HOW could anyone make a valid argument against "human rights"? Quite easily. Britain incorporated the European Convention on Human Rights into its domestic law in 1998. Although it was previously a signatory to the convention and regularly defended itself in cases brought against it at the human rights court in Strasbourg, incorporation has transformed the legal and cultural landscape in Britain — and not for the better.
Real human rights — such as the equality of every human being and the intrinsic value of human life — are indeed universal and should be unarguable. The problem, however, comes with the "rights" that are enshrined in human rights law. These also claim to be universal and unarguable. But they are not. Indeed, the very act of codifying them makes them eminently contentious and divisive.
This is because almost every "right" in the convention is balanced by a rival "right". Judges have to decide between them. The way is therefore open for ideological, tendentious or prejudiced views to be set in judicial stone.
It has created a grasping "me too" culture that is as divisive as it is undemocratic. It has galvanised special interest groups to make demands, created a burgeoning industry of human rights lawyers and — despite acknowledging the ultimate supremacy of Parliament — effectively transferred much political power from Parliament to the courts. Instead of the rule of law, Britain now has rule by lawyers.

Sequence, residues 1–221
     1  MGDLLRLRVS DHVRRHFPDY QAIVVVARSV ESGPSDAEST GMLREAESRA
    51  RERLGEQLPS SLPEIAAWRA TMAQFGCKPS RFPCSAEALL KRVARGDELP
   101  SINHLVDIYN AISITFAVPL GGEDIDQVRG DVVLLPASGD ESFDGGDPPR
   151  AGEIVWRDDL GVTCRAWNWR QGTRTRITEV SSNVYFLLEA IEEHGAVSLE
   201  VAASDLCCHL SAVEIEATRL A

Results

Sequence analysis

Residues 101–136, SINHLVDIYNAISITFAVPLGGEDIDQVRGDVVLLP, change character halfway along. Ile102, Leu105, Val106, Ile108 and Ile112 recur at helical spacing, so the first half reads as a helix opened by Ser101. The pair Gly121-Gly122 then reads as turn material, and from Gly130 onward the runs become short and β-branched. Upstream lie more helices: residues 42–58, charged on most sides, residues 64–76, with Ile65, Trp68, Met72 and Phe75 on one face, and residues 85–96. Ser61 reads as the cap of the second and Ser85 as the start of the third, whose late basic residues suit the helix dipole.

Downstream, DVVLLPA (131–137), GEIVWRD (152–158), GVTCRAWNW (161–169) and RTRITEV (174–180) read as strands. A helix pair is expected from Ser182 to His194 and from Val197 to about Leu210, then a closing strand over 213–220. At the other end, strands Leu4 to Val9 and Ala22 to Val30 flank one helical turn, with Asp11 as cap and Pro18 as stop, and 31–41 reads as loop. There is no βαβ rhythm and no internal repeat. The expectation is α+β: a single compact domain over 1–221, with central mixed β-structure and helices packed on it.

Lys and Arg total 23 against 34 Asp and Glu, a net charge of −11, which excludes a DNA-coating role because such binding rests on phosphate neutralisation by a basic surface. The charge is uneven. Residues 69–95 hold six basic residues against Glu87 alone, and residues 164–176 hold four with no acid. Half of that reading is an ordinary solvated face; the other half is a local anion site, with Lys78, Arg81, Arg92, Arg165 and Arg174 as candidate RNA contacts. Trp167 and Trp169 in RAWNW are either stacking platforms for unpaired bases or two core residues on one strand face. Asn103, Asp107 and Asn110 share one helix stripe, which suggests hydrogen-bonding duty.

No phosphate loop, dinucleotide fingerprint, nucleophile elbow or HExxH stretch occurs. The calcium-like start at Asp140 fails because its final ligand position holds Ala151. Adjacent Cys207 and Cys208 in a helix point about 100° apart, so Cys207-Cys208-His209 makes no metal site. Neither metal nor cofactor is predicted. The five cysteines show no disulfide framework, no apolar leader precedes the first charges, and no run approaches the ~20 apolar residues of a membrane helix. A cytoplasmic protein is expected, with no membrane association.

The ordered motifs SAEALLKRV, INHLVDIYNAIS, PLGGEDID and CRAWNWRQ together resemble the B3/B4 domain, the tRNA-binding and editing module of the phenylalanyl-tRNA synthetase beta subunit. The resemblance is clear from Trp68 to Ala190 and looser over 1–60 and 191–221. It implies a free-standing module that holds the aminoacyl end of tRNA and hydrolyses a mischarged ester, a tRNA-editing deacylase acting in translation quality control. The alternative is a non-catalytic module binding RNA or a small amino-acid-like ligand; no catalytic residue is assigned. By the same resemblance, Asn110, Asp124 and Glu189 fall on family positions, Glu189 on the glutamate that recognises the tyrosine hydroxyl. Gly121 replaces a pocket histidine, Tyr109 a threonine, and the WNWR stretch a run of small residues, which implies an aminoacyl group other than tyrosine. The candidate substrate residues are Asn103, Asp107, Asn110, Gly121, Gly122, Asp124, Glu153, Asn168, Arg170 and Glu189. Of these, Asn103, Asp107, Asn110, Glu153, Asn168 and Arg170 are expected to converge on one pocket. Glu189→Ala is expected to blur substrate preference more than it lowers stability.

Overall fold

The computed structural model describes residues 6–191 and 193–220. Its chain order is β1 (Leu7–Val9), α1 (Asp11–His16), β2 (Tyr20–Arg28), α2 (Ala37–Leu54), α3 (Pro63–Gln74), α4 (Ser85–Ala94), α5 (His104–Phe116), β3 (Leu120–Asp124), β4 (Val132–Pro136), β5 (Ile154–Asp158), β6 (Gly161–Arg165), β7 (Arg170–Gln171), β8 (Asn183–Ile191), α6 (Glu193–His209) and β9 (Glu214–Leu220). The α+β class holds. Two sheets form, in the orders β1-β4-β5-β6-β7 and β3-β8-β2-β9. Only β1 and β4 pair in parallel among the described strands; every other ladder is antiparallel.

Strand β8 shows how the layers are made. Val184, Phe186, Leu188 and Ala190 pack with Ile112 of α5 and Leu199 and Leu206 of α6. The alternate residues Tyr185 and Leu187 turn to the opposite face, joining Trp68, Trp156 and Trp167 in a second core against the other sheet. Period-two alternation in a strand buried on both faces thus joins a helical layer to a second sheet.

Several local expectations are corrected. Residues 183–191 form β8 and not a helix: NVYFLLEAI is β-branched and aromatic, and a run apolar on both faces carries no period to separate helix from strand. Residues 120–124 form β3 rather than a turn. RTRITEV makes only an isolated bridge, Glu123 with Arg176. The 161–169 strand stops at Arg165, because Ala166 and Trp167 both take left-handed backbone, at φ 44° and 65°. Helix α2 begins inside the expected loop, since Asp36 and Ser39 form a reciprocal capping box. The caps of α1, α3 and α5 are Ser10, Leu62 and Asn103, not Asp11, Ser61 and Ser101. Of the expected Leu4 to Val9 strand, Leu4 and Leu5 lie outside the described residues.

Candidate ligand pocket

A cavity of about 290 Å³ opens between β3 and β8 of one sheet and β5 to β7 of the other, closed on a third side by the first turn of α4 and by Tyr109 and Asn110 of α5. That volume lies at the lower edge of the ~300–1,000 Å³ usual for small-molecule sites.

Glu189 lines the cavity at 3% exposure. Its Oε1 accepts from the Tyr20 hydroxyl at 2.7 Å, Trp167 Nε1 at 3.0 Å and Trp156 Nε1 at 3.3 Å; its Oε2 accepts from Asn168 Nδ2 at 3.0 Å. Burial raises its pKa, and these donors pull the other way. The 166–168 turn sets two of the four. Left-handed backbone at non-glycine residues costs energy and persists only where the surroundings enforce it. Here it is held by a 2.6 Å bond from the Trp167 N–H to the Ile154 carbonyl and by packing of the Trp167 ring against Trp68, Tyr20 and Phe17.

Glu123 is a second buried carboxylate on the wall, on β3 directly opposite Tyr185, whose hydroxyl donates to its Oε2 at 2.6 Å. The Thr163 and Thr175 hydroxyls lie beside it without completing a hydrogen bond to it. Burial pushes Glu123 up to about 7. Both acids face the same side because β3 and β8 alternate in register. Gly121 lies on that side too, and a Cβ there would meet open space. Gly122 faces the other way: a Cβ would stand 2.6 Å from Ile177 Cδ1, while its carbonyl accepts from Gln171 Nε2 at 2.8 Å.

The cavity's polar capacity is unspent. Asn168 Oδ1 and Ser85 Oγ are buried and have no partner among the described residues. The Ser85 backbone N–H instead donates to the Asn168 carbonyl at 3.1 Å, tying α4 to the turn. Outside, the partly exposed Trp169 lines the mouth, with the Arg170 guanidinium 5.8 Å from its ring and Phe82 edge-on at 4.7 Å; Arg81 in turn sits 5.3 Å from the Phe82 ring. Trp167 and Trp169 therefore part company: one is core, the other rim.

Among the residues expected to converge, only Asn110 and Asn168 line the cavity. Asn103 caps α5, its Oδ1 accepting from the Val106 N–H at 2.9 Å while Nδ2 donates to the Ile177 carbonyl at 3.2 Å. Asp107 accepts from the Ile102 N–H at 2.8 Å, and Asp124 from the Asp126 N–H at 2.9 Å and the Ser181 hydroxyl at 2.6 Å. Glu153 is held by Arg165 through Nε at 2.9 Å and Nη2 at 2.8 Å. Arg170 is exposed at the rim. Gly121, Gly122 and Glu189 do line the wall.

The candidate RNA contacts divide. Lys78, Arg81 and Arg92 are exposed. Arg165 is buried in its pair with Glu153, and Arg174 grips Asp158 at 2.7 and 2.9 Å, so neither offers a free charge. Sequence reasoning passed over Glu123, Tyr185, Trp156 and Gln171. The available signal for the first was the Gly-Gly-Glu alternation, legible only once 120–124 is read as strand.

The Universal Declaration of Human Rights, from which the European law derives, was conceived in another era altogether. In the shadow of fascism and Stalinism, its original aim was to protect the individual from the state. But in the half-century that has since elapsed, the relationship between the individual and the state has fundamentally changed.
The emergence of a culture of hyper-individualism has given rise to a radical egalitarianism of lifestyles and values. Morality has been privatised, and all constraints of religion, tradition or cultural taboos have come to be seen as an attack on personal autonomy.
Where, in a previous era, ties of obligation bound individuals to each other and to the state, the new culture of entitlement imposes, instead, an obligation on the state to deliver the demands of interest groups. Since these are presented as universal "rights", such groups become a victim class to be championed against a majority that has denied them their entitlement.
The values of the majority thus come to be replaced by the perspectives of the victim groups. Human rights law gives such groups the means to challenge majority cultural norms, overturning them on matters such as gay partnership rights or permitting transsexuals to lie on their birth certificates about their sex at birth.
No one ever asked the British public for their views on such fundamental social changes. But over the past two decades, English judges have come to see themselves, rather than democratically elected politicians, as the true guardians of the country's values. And for those judges, minority rights have become an article of faith.